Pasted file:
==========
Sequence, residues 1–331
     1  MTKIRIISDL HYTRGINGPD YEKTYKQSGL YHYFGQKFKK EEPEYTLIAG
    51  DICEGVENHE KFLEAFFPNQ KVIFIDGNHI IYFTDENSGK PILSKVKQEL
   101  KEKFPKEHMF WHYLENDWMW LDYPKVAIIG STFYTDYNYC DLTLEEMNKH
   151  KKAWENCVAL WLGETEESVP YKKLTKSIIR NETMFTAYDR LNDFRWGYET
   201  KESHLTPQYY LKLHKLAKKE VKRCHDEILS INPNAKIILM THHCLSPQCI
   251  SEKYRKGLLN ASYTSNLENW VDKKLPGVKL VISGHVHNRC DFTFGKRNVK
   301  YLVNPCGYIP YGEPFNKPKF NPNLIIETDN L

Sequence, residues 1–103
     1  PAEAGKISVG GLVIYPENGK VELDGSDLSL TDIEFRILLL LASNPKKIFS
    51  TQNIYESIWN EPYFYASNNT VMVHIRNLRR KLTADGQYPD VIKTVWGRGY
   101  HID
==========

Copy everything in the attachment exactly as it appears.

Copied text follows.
Sequence, residues 1–331
     1  MTKIRIISDL HYTRGINGPD YEKTYKQSGL YHYFGQKFKK EEPEYTLIAG
    51  DICEGVENHE KFLEAFFPNQ KVIFIDGNHI IYFTDENSGK PILSKVKQEL
   101  KEKFPKEHMF WHYLENDWMW LDYPKVAIIG STFYTDYNYC DLTLEEMNKH
   151  KKAWENCVAL WLGETEESVP YKKLTKSIIR NETMFTAYDR LNDFRWGYET
   201  KESHLTPQYY LKLHKLAKKE VKRCHDEILS INPNAKIILM THHCLSPQCI
   251  SEKYRKGLLN ASYTSNLENW VDKKLPGVKL VISGHVHNRC DFTFGKRNVK
   301  YLVNPCGYIP YGEPFNKPKF NPNLIIETDN L

Sequence, residues 1–103
     1  PAEAGKISVG GLVIYPENGK VELDGSDLSL TDIEFRILLL LASNPKKIFS
    51  TQNIYESIWN EPYFYASNNT VMVHIRNLRR KLTADGQYPD VIKTVWGRGY
   101  HID